Having decided that economic conditions have improved enough, the Federal Reserve on Wednesday announced that it will start scaling back its $85-billion-a-month bond-buying program in January, defying economist and investor expectations that it would maintain the program well into 2014.
The Federal Open Market Committee (FOMC) said it would trim the bond-buying program – which began in 2012 as a measure to stimulate the economy – by $10 billion to $75 million. Specifically it will cut its purchases of long-term Treasury bonds by $5 billion to $40 billion per month, and reduce its purchases of mortgage-backed securities by $5 billion to $35 billion per month.
FOMC members say they believe the economy and the job market have improved enough to warrant the slight decrease in monetary stimulus, however they warned that the unemployment rate ‘remains elevated’ at around 7.1%.
In June, Federal Reserve Chairman Ben Bernanke – who will retire from his Fed Chair role come January, to be succeeded by incoming chair Janet Yellen – said he didn't expect the Fed to start tapering until the unemployment rate fell below 7%. However, at that time, he indicated that tapering could start as soon as September – an announcement that sent the markets into a tailspin and mortgage interest rates on the rise.
The Fed, in its most recent announcement, noted that the housing sector has slowed in recent months, due mainly to rising rates, and that short-term budget cutting efforts from Congress have also slowed the recovery.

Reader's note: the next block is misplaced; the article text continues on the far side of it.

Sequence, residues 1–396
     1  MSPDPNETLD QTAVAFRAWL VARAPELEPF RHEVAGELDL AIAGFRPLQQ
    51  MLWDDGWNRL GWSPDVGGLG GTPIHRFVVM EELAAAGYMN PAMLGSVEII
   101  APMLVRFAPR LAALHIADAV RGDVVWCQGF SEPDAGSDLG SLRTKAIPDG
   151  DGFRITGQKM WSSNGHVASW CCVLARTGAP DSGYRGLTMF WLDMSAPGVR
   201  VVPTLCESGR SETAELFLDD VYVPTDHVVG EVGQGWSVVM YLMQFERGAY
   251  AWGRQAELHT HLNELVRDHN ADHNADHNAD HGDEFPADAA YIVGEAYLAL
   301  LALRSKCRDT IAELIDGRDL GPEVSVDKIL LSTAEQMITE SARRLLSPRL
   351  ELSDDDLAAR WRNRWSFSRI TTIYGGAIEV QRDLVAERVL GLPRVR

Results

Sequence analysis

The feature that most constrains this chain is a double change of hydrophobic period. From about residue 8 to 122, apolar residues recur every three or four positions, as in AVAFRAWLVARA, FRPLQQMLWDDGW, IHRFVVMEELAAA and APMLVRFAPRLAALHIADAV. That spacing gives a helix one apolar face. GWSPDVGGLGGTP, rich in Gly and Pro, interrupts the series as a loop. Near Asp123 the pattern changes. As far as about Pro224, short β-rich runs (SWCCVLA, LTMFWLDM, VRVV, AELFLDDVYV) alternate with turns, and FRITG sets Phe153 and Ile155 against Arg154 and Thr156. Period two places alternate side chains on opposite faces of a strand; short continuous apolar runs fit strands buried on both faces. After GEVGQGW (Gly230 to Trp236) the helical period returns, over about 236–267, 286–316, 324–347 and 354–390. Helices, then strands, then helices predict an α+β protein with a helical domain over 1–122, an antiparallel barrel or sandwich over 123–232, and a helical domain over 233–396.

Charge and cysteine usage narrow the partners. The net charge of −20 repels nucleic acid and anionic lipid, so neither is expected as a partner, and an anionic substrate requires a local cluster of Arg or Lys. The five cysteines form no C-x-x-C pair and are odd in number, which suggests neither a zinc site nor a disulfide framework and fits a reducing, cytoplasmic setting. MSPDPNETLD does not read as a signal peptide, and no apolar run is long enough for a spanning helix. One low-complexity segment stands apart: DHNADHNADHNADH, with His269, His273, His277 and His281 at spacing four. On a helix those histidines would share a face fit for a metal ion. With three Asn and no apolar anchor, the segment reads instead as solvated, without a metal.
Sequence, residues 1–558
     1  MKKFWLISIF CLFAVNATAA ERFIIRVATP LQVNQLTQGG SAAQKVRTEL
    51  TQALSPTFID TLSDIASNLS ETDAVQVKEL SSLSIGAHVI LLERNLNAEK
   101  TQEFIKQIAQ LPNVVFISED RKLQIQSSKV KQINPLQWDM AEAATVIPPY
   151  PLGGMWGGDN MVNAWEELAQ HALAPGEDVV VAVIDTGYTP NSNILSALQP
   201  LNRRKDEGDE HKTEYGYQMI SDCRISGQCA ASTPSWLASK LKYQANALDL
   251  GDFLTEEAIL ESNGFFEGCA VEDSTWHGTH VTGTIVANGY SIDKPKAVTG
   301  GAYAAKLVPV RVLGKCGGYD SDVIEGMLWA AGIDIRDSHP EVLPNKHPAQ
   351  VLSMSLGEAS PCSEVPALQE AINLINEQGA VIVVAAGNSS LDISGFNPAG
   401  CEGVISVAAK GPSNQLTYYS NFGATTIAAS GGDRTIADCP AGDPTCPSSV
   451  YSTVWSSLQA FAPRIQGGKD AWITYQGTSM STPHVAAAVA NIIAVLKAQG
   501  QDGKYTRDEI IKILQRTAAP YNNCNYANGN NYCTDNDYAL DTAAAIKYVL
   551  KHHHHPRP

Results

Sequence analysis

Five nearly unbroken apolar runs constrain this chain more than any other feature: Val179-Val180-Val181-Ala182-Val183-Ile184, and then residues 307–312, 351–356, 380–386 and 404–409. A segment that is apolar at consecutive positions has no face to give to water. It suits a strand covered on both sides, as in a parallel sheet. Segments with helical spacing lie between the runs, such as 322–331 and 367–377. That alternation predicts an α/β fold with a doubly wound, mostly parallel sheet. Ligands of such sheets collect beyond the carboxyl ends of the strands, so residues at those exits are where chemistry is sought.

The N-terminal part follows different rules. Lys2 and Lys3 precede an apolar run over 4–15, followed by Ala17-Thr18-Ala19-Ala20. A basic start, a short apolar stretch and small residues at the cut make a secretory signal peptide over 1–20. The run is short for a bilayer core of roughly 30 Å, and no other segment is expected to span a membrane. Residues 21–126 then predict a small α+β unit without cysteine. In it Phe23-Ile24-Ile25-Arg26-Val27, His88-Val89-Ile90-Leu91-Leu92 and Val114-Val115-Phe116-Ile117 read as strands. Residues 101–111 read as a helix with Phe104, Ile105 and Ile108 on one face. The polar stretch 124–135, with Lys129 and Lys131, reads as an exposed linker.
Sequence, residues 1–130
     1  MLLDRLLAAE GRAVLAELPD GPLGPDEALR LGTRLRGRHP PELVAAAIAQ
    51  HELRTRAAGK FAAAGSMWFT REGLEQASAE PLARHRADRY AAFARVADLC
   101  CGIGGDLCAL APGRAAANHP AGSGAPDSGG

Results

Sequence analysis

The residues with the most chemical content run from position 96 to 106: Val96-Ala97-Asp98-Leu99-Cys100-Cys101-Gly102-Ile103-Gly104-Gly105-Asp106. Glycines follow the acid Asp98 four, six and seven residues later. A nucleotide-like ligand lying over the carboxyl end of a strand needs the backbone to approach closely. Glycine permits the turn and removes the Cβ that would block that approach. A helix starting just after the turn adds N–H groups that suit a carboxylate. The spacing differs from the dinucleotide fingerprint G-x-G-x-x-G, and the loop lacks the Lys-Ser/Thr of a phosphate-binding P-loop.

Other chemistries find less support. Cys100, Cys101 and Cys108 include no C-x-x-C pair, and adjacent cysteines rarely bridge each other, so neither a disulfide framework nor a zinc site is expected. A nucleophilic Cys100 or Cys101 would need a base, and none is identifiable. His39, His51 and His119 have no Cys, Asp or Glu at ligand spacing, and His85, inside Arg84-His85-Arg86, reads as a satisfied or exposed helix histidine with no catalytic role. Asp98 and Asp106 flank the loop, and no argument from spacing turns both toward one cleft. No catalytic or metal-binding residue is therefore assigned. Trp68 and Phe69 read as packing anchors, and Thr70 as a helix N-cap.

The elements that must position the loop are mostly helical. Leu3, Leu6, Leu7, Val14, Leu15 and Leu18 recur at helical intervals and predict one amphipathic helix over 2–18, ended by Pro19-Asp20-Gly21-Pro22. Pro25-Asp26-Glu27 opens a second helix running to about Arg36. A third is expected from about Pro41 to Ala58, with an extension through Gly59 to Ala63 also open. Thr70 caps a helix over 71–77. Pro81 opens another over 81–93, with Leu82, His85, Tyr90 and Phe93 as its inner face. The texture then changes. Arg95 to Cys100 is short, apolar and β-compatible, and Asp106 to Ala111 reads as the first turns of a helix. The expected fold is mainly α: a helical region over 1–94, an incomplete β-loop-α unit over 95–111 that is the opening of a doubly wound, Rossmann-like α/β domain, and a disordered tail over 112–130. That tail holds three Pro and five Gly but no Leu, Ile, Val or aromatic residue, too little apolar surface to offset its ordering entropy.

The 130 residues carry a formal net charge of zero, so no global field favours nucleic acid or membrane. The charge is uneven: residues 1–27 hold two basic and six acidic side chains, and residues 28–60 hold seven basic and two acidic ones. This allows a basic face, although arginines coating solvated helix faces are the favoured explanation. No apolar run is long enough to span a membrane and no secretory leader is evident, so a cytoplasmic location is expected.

The Fed stressed that it may adjust its bond purchases in the future either upwards or downwards, depending on economic conditions.
‘The committee will closely monitor incoming information on economic and financial developments in coming months and will continue its purchases of Treasury and agency mortgage-backed securities, and employ its other policy tools as appropriate, until the outlook for the labor market has improved substantially in a context of price stability,’ the FOMC says in its statement on monetary policy, which is based on its meeting in October. ‘If incoming information broadly supports the committee's expectation of ongoing improvement in labor market conditions and inflation moving back toward its longer-run objective, the Committee will likely reduce the pace of asset purchases in further measured steps at future meetings.’
In another important matter, the committee said it would likely keep the short-term rate near zero well past when unemployment dips below 6.5%, especially if inflation remains near flat, as it has been for the past several months. The central bank had earlier set 6.5% unemployment as the threshold at which it would start considering raising rates. Short-term rates have been pinned near zero since late 2008, as the Fed has sought to keep interest rates low in order to stimulate borrowing.
As per a Wall Street Journal report, 12 of 17 Fed officials said they expect the central bank's benchmark interest rate, called the fed funds rate, to be at or below 1% by the end of 2015. Ten of 17 officials expected the rate to be at or below 2% by the end of 2016.
To access the FOMC's full statement, click here.